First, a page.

Marines use an Internet and phone center at Camp Leatherneck, Afghanistan. Service members who post sexual solicitation ads on Craigslist Baghdad are being punished under the Uniform Code of Military Justice. (Lance Cpl. Daniel A. Flynn / Marine Corps)
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Agents with the Naval Criminal Investigative Service in Afghanistan are tracking service members who are hooking up in the war zone via Internet sites such as Craigslist and busting those who violate the Uniform Code of Military Justice.
And in Afghanistan, where commanders have forbidden any sexual encounters between unwed people, virtually anyone who tries to set up a meeting online can become a target of investigators.
One Marine lance corporal found that out in 2012, after he posted an advertisement on Craigslist for a sexual rendezvous. The guy he met at Camp Leatherneck, whom he thought was also looking to hook up, turned out to be an undercover agent with the NCIS.
Sexual activities in a war zone are as old as wars themselves, but with the advent of Internet personal ads and social media sites, arranging a sexual encounter can become brazen, public and risky. Warnings from commanders, standard guidance for any unit headed to the war zone, appear to have fallen on deaf ears in many cases.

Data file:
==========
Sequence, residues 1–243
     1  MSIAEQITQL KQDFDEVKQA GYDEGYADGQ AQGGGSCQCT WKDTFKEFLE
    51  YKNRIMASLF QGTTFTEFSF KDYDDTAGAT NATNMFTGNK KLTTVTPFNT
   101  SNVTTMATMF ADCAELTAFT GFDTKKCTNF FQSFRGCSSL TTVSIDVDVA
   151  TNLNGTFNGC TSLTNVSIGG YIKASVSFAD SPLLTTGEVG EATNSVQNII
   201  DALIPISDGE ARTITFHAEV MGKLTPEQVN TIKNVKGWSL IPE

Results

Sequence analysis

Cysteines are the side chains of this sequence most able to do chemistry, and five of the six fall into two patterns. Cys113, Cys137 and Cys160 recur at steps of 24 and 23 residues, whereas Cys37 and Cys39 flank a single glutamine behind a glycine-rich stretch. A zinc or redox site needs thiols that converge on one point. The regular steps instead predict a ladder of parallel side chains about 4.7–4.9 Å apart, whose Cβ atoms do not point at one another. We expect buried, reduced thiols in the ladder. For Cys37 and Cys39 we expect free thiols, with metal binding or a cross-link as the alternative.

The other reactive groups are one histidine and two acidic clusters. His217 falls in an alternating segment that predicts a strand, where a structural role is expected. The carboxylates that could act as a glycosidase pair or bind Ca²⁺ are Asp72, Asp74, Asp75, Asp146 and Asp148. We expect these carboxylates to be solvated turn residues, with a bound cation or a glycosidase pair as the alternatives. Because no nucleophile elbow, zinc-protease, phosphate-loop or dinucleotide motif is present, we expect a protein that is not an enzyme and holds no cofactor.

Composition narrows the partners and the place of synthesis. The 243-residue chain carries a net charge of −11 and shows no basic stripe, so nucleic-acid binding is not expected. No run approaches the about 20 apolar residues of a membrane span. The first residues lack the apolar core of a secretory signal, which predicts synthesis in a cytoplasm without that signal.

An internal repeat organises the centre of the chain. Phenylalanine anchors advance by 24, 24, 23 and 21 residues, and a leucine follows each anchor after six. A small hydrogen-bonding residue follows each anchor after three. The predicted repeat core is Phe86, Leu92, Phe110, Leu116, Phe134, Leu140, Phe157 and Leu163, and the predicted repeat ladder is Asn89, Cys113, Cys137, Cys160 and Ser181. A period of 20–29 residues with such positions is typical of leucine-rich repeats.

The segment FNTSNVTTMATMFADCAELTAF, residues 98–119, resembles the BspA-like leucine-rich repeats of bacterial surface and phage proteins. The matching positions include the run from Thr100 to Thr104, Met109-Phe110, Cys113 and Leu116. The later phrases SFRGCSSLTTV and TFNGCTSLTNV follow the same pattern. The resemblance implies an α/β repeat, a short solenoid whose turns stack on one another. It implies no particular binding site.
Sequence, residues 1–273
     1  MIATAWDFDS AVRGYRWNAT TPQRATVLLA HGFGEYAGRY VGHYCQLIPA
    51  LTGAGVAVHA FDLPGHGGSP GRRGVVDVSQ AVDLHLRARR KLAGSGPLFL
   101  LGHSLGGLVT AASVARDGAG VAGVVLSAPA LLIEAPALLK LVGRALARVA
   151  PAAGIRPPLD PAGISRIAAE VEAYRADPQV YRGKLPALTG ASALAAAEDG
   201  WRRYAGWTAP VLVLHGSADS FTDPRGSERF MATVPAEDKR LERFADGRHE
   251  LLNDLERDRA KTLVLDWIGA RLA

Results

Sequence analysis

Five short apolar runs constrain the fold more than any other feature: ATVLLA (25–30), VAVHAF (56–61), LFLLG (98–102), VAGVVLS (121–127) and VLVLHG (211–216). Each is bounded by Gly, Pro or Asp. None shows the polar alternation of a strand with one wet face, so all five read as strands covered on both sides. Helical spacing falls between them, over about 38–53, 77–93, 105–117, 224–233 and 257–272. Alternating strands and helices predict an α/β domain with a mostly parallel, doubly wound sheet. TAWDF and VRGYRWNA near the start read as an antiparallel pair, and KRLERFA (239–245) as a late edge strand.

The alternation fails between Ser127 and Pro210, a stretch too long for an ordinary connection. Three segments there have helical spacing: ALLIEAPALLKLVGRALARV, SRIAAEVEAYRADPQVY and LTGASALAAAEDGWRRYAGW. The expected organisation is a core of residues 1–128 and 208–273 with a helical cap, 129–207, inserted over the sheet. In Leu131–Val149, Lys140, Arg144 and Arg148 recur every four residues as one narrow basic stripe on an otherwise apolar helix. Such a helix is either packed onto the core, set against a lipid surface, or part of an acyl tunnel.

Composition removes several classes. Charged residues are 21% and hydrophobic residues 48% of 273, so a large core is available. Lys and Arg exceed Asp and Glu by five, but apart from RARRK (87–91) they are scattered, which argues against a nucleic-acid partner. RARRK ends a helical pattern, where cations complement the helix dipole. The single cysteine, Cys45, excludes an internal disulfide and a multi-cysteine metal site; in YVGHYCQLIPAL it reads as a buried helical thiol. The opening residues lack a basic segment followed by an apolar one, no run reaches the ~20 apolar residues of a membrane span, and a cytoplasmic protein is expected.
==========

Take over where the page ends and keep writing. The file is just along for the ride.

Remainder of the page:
Hundreds of officers and enlisted troops, Defense Department personnel and civilian contractors have posted explicit personal ads on the “Casual Encounters” page at Craigslist Baghdad, looking for discreet sexual encounters.
The Craigslist site is presumably a leftover from the U.S. war in Iraq. The majority of the posters are now deployed at bases across Afghanistan: Kandahar Airfield; Camp Leatherneck/Bastion; Bagram; and Forward Operating Bases Ghazni and Salerno, to name just a few. The ads are often accompanied by nude pictures and graphic language.
A male service member on Camp Bastion posted an ad June 30, looking for a woman to keep him company.
“I am married and looking for some companionship while here,” he wrote. “I am 27, good looking, and I have pictures to exchange when we chat.” It was accompanied by a photo of his genitalia.
A post by a “regular hot military guy” in Kandahar on May 28 appeared to offer payment for anyone who would meet up with him. “I’m happy to discuss a reward on a regular basis,” he wrote.
Most of the posts are men looking for men, followed by men looking for women. There are occasionally couples looking for women. However, women post far less often on the site. In one strange twist, a stateside woman advertised that she wanted her husband to experiment with bisexuality while deployed to Afghanistan. She offered to set up the meet and asked that anyone interested send her details afterward.
Good order and discipline
Online sex solicitation is technically not a crime under the UCMJ. However, commanders have the right to enact regulations that make it a punishable offense.